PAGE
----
• Open Daily: 10am - 10pm
    Alley-side Pickup: 10am - 7pm

    3038 Hennepin Ave Minneapolis, MN
    612-822-4611

Open Daily: 10am - 10pm | Alley-side Pickup: 10am - 7pm
3038 Hennepin Ave Minneapolis, MN
612-822-4611
Two Treatises of Government BY John Locke: (Annotated Edition)

Two Treatises of Government BY John Locke: (Annotated Edition)

Paperback

General Fiction

Currently unavailable to order

ISBN13: 9798729283736
Publisher: Independently Published
Published: Mar 27 2021
Pages: 398
Weight: 1.01
Height: 0.82 Width: 5.51 Depth: 8.50
Language: English
At the time these treatises were written, English politics had undergone decades of upheaval in the wake of the English Civil War. When Dutch monarch William of Orange ascended to the English throne in the Glorious Revolution of 1688, burning questions over the best form of governance for England were prominent in the intelligentsia of the era. It was a time when England grappled with its incremental transition from monarchy to early forms of democracy and right to vote, where dynastic monarchy and religious theory still held considerable power over the formation of the state. In the second treatise Locke turns to a different topic - that of the state of nature. He discusses how humanity may have behaved prior to the establishment of formal societies, and concludes that humanity - even without an established government in place - had never been truly lawless even when freedom was at its farthest extent. In arguing against the tyranny of absolute monarchy, while acknowledging the advantages of humanity's freedom in its natural ungoverned state, Locke arrives at his conclusion: a democratically elected government, whereby humans are accorded freedoms but must conform to the rule of law, is the most advantageous type of government to which humans can aspire.Lauded as a classic of political philosophy, the treatises by Locke are a common requirement in various educational courses concerning political science and philosophy to this day. While steeped in the historical realities of the late 17th century,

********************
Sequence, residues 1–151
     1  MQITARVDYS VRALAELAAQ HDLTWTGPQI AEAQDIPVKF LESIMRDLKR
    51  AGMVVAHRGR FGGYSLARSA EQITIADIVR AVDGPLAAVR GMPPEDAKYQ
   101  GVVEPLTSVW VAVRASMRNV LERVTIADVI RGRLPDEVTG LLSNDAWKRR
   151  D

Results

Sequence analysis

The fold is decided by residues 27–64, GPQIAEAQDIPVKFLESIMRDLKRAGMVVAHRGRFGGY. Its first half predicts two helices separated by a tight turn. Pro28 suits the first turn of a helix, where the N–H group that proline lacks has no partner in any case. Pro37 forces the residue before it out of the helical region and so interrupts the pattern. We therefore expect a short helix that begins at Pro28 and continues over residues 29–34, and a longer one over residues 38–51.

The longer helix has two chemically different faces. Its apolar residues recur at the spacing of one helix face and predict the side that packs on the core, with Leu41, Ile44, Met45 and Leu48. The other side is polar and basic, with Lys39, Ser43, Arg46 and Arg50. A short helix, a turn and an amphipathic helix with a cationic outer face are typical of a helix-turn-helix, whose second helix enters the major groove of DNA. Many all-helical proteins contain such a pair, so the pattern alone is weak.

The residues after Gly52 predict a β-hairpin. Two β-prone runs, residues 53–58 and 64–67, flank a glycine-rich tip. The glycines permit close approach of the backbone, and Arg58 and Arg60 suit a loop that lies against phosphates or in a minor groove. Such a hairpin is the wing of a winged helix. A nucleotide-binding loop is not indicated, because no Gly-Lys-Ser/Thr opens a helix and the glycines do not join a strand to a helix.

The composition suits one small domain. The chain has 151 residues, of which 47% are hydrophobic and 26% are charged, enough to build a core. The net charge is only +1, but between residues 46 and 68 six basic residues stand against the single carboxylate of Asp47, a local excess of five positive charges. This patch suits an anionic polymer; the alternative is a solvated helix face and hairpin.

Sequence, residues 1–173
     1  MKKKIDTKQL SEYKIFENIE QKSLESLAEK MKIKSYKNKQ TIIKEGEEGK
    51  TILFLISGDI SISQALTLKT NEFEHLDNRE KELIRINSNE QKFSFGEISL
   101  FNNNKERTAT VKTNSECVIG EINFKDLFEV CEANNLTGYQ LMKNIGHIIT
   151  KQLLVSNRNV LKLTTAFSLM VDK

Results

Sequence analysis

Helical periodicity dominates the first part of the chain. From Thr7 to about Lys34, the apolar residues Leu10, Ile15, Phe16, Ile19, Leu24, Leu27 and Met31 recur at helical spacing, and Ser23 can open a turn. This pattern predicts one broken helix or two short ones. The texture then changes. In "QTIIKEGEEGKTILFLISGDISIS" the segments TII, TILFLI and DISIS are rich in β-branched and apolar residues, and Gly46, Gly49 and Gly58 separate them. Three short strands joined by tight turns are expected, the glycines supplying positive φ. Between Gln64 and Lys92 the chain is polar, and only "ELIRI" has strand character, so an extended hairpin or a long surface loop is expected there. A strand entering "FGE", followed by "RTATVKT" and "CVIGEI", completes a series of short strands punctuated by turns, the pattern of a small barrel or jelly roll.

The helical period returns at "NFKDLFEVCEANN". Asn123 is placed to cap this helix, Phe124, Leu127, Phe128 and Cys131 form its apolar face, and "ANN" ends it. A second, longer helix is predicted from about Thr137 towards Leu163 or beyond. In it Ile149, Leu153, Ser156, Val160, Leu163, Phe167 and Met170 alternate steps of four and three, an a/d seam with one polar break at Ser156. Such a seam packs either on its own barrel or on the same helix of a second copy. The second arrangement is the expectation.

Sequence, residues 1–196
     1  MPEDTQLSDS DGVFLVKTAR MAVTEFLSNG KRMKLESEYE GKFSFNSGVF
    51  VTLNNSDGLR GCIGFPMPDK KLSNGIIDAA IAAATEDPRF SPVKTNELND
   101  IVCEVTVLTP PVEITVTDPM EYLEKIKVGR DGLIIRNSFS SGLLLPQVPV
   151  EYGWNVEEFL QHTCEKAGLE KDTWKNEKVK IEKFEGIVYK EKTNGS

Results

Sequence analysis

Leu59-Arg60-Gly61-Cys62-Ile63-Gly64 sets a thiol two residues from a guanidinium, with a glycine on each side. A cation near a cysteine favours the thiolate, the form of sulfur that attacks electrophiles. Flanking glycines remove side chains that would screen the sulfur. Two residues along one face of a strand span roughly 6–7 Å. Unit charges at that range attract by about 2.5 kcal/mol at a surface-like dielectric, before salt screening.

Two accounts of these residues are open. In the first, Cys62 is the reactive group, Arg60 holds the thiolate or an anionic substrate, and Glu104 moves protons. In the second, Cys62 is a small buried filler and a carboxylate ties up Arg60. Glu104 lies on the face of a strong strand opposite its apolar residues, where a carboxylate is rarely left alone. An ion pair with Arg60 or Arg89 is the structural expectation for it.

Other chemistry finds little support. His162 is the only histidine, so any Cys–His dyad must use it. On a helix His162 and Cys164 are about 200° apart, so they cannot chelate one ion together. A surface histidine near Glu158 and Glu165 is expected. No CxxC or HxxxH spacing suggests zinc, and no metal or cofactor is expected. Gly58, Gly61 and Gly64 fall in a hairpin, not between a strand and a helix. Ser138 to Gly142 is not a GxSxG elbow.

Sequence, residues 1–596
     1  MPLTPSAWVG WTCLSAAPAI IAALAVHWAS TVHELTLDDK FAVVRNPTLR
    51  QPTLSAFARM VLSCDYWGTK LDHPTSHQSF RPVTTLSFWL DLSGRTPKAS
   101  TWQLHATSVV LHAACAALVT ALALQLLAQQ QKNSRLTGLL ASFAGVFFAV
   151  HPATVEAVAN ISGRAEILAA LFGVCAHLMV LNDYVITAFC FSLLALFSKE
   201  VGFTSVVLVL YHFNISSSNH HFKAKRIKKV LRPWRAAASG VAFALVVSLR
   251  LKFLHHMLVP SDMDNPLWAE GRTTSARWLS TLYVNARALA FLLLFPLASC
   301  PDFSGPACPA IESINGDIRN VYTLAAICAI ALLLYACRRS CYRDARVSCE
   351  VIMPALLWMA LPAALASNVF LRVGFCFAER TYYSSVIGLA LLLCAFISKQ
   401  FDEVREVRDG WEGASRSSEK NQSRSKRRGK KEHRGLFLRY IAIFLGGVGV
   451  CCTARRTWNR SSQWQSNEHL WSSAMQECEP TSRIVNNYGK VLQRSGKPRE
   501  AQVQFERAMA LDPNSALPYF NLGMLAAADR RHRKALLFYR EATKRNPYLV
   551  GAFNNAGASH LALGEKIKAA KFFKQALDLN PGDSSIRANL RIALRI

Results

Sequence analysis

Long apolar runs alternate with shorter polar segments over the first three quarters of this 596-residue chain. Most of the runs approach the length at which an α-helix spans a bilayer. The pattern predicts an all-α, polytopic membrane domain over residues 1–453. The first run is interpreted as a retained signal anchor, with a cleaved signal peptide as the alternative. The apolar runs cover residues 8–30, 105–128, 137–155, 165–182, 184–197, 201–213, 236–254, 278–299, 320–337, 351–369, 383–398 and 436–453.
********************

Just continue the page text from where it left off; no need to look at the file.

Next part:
Also in

General Fiction